A week in education

12th February 2010 at 00:00

A Children's Summit - designed to improve services for Scotland's most vulnerable children - is to be hosted by the Scottish Government in June amid fears that financial pressures could erode services. Staff working in the NHS, social work and child protection, education, police and voluntary sectors will be among those invited to the event, as well as Scotland's Children's Commissioner, Tam Baillie. Ministers will also meet groups of young people prior to the event. Children's Minister Adam Ingram, who will be among the ministers in attendance, said: "We must ensure that, despite the pressures on us all, we continue to protect children's services as we learn and build on the good work taking place."

Eight out of 10 young Scots not in education, employment or training (Neets) still hope to achieve their dream career, according to The Prince's Trust, which this week launched a campaign to save an "undiscovered generation". The YouGov report, which involved more than 1,000 16 to 24-year-old Neets across the UK, also revealed that 73 per cent had been employed for three months or more and were being forced to cut back on essentials like heating and food to make ends meet. The "Undiscovered" campaign calls for the Government, businesses and individuals to support the young in their quest to become the mechanics, chefs and entrepreneurs of the future.

Cases of pupils using their mobile phones to help them cheat in their exams have more than doubled in a year. The number of incidents of "malpractice" involving mobile phones rose from 49 in 2008 to 113 last year. Some 314 pupils were punished for cheating in Standard grades, Highers and other qualifications in 2009. This is up from the 257 who were penalised for cheating the previous year.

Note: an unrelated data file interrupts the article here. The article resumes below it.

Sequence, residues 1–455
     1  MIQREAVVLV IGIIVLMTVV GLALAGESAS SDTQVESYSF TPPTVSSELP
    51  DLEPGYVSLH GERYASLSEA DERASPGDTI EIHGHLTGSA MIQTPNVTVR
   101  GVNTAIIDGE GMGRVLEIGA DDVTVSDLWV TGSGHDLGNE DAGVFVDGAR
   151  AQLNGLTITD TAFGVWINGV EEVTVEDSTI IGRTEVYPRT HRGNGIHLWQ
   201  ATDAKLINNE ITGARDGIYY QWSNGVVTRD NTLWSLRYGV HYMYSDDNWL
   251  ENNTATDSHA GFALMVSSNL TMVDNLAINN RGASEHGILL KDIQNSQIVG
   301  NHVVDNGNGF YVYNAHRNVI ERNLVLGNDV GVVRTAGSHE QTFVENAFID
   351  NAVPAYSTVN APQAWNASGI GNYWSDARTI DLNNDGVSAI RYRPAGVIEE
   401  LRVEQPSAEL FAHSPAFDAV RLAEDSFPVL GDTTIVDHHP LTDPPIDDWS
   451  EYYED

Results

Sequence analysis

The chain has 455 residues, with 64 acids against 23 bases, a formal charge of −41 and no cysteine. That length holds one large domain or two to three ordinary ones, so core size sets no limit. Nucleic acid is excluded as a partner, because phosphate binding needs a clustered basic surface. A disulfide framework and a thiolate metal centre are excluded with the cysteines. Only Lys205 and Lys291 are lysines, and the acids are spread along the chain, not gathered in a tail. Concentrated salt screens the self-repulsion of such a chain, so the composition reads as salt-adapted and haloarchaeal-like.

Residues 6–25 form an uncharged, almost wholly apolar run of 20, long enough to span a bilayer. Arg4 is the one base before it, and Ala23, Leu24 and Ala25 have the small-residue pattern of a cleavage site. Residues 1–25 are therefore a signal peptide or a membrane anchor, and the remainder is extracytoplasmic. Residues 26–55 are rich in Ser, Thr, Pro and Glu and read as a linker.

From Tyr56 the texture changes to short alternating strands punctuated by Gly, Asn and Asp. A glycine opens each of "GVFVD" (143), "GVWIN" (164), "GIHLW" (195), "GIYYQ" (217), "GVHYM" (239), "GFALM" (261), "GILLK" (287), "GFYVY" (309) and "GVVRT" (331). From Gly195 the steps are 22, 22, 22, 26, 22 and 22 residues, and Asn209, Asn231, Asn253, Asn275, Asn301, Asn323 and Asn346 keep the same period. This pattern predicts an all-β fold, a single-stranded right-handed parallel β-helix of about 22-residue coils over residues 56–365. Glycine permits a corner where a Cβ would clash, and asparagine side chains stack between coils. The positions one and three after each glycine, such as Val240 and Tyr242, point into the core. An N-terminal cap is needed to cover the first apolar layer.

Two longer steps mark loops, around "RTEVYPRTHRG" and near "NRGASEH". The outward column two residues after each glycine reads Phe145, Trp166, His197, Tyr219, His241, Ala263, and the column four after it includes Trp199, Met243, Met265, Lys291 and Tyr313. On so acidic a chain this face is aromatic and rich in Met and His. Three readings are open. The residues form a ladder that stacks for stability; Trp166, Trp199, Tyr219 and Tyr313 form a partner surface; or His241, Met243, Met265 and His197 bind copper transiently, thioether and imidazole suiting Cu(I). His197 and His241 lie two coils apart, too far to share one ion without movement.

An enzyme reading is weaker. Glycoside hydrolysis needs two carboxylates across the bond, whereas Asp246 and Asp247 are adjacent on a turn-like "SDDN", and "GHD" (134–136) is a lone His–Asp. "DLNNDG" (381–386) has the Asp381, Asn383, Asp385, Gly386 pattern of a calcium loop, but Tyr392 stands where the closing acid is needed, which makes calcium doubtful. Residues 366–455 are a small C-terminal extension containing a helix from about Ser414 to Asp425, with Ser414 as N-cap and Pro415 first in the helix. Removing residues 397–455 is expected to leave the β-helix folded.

East Renfrewshire Council has accepted a legal ruling that found its plans to remove hundreds of homes from the catchment area of a flagship school were unlawful. The council education committee decided not to appeal against the decision, which also found the catchment area policy for St Ninian's High in Giffnock, pursued since 1996, was "wrong". A long- standing agreement allows pupils from some Glasgow primaries to attend St Ninian's. However, East Renfrewshire has always insisted this covers only specified streets, not the area as a whole, leaving those living in new developments no automatic right of entry.

Holyrood's education committee kicked off its inquiry into the way councils spend their pound;5.4 billion annual budget on teaching and children's services last week. The Scottish Government has no control over the way key education policies, such as class sizes, are implemented by councils, officials conceded. If a council failed to deliver a government pledge, its budgets would not be hit, David Henderson, head of the Scottish Government's local government division, told MSPs. The committee also heard that the funding allocated to key policies by councils was also not known by ministers.

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